How Not to Handle Password Security
Recently Hilton’s Hhonors loyalty program asked me to reset my password in their attempt to increase security. Makes sense, after high-profile security breaches at several online websites like Target.com. They dangled a 1000-point reward for early action so of course I hopped over and reset my password.
Today I had need to log in to Hhonors and found that my password (saved via a password assistant, so definitely correct) was not accepted. I requested a password reset email, completed the process properly, and got a failure message. So I had to call customer service.
They informed me that the new passwords have to be exactly eight characters, only one capital letter, only one number, and no special characters. Their new “system” didn’t work with any variations, or longer passwords. Not only that, but the password reset screen is inaccurate; it tells customers that it accepts a much wider (and more secure!) set of password variations, including 8+ characters and special characters.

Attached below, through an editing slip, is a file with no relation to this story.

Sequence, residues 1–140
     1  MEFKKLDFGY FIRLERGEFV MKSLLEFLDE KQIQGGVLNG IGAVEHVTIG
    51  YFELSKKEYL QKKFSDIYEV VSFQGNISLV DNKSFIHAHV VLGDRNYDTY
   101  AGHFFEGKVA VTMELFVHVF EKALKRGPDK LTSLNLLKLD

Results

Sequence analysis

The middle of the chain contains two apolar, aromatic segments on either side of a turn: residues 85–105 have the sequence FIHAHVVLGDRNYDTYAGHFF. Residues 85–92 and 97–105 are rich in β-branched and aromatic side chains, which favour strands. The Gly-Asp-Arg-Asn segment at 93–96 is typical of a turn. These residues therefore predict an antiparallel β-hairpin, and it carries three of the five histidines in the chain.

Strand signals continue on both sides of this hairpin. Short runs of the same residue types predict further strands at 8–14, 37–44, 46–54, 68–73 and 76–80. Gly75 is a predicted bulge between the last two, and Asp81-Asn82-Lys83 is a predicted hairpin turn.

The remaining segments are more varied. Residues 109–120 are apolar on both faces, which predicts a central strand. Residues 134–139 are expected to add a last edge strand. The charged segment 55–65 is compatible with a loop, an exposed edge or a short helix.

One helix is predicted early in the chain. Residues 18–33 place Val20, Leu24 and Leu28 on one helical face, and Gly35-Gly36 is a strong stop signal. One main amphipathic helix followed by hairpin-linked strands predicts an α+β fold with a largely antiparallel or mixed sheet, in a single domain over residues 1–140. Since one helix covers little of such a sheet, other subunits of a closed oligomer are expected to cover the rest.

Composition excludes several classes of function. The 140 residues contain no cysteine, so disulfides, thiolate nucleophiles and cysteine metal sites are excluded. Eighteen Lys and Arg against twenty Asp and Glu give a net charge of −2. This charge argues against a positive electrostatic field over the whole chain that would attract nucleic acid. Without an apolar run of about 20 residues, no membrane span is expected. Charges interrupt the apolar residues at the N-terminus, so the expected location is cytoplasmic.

No One’s Happy
This is a total fail. Hhonors is forcing everyone to choose insecure passwords; eight letters plus one number is an easy password to crack. Customers who use more secure passwords are then locked out of their accounts. Customer service is bogged down with unnecessary calls, having to tell customers about password rules that aren’t even on the password reset page.
So in short: Less security. Unhappy customers. Unhappy customer service. And an inaccurate website that wastes my time.
In my opinion, any public system that doesn’t accept special characters or long passwords is run by an incompetent CTO. Period. In 2015, there is no excuse for forcing your customers into less-secure accounts.